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FRI0530 Intra-and Inter-Observer Reliability of Nailfold Videocapillaroscopy – A Possible Outcome Measure for Systemic Sclerosis-Related Microangiopathy?
  1. G. Dinsdale1,
  2. T. Moore1,
  3. N. O'Leary1,
  4. J. Manning2,
  5. A. Murray1,
  6. M. Berks1,
  7. P. Tresadern1,
  8. J. Allen3,
  9. M. Anderson4,
  10. M. Cutolo5,
  11. R. Hesselstrand6,
  12. K. Howell7,
  13. C. Pizzorni5,
  14. P. Pyrkotsch4,
  15. V. Smith8,
  16. A. Sulli5,
  17. M. Wildt6,
  18. C. Taylor1,
  19. C. Roberts1,
  20. A. Herrick1
  1. 1University of Manchester, Manchester
  2. 2Salford Royal Hospital, Salford
  3. 3Freeman Hospital, Newcastle upon Tyne
  4. 4University of Liverpool, Liverpool, United Kingdom
  5. 5University of Genova, Genova, Italy
  6. 6Lund University, Lund, Sweden
  7. 7University College London, London, United Kingdom
  8. 8Ghent University, Ghent, Belgium


Background Nailfold videocapillaroscopy (NVC) has been proposed as an outcome measure for systemic sclerosis [SSc] related microvascular disease.

Objectives To assess the reliability of both measure availability and measured value of 4 parameters extracted from NVC images: capillary density, capillary (apex) width, overall image grade (normal, early, active, late), and the presence of giant capillaries.

Methods 173 subjects were recruited in the study (101 with SSc, 22 with primary Raynaud's phenomenon and 50 controls). Panoramic NVC imaging was performed on all 10 digits using a 300x magnification microscope with green LED illumination for best capillary contrast.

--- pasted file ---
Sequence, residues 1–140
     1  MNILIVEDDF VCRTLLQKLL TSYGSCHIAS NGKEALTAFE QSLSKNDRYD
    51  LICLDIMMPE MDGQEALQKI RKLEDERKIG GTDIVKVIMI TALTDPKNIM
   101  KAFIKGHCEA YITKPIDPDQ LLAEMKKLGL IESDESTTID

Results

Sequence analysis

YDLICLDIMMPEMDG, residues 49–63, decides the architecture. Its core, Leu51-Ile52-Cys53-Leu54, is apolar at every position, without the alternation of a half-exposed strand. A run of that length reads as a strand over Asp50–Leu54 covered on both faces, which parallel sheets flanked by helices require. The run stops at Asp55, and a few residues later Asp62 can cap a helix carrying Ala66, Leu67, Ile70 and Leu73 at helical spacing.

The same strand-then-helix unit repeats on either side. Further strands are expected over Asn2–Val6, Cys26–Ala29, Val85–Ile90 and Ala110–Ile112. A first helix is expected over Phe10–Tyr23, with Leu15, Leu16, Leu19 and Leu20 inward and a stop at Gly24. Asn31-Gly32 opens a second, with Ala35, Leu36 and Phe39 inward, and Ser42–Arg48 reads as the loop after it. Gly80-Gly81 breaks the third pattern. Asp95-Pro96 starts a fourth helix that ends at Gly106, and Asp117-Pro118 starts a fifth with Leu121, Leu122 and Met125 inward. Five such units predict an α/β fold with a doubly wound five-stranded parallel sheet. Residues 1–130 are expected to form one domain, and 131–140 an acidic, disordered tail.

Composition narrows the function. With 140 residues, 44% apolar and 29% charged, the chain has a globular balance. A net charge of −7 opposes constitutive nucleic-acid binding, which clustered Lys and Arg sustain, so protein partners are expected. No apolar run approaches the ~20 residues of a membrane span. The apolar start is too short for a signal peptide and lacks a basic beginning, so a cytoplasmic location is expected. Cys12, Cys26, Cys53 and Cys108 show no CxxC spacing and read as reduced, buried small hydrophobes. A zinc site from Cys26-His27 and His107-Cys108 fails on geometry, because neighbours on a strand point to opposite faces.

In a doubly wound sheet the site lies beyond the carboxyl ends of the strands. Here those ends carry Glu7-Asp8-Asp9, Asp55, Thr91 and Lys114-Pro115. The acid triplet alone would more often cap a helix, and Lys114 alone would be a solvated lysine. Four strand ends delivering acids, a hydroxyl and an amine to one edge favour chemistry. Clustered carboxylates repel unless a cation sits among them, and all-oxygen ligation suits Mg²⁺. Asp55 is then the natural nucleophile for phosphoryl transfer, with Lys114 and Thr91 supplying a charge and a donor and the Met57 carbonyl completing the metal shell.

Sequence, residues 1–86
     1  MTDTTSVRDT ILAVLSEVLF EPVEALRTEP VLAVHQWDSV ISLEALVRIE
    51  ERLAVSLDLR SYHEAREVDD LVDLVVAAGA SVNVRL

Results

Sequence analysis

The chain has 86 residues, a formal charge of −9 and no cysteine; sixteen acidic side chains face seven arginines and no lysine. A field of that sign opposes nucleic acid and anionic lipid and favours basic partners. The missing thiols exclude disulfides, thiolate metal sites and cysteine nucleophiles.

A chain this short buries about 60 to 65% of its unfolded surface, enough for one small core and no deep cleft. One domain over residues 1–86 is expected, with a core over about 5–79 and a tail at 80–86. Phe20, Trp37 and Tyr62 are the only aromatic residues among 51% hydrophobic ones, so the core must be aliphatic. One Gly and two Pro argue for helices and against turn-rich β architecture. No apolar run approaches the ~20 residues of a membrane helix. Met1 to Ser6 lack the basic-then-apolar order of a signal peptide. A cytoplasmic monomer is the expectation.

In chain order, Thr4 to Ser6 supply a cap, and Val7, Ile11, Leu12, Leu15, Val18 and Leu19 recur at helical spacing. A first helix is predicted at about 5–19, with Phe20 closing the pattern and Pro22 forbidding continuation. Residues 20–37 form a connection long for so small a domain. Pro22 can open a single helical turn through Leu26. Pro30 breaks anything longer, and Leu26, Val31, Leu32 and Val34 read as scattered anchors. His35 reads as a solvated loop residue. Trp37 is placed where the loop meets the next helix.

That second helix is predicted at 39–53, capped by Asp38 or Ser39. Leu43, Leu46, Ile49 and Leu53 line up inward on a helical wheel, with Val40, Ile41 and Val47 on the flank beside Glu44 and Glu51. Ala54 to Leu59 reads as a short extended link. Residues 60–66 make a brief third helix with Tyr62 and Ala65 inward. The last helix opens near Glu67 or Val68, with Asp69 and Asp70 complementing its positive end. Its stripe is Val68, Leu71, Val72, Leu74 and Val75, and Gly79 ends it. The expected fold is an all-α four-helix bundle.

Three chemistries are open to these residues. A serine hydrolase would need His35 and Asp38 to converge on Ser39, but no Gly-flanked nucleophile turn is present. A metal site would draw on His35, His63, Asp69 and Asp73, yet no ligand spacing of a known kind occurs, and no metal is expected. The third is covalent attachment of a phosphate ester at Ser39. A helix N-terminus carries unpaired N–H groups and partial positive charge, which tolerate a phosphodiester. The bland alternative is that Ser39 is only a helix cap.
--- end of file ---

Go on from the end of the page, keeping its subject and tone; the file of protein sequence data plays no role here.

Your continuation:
Ten capillaroscopy experts (“raters”) from 7 centres assessed images using custom software. Raters were asked to: (1) assess overall image grade (“Normal”, “Early”, “Active”, “Late”, “Non-specific”, or “Ungradeable”), (2) mark the location of capillary apices (capillary density calculated from distal vessel locations), (3) categorically grade the distal vessels in terms of size and shape, and (4) measure the apical width of distal vessels using a click-and-drag tool.

Results The 10 raters analysed a median (range) of 129 (98–1641) images, returning 3401 evaluations of 1650 images, including a sub-sample analysed twice by the same rater to measure intra-rater reliability. Of these, 2731 evaluations (80%) satisfied the criteria to allow vessel density to be measured (at least 2 distal vessels identified).

The reliability (intra- and inter-rater) of both measure availability and measured value for the 4 parameters are shown in the table. Overall image grade was available in only around 45% of observations due to the exclusion of “non-specific” gradings from the analysis.

Table 1

Conclusions Capillary density and (especially) apical width, parameters likely to be helpful in quantifying temporal change, were reliable measures in evaluable nailbeds. The reliability of measured values is generally high, but is conditional on measure availability. This must be accounted for when considering the applicability of outcome measures to clinical trial situations. With standardised training (and potentially increased automation of analysis), high magnification NVC has strong potential as an outcome measure of SSc-related microangiopathy.

Acknowledgement Work funded by the Raynaud's & Scleroderma Association.

Disclosure of Interest None declared

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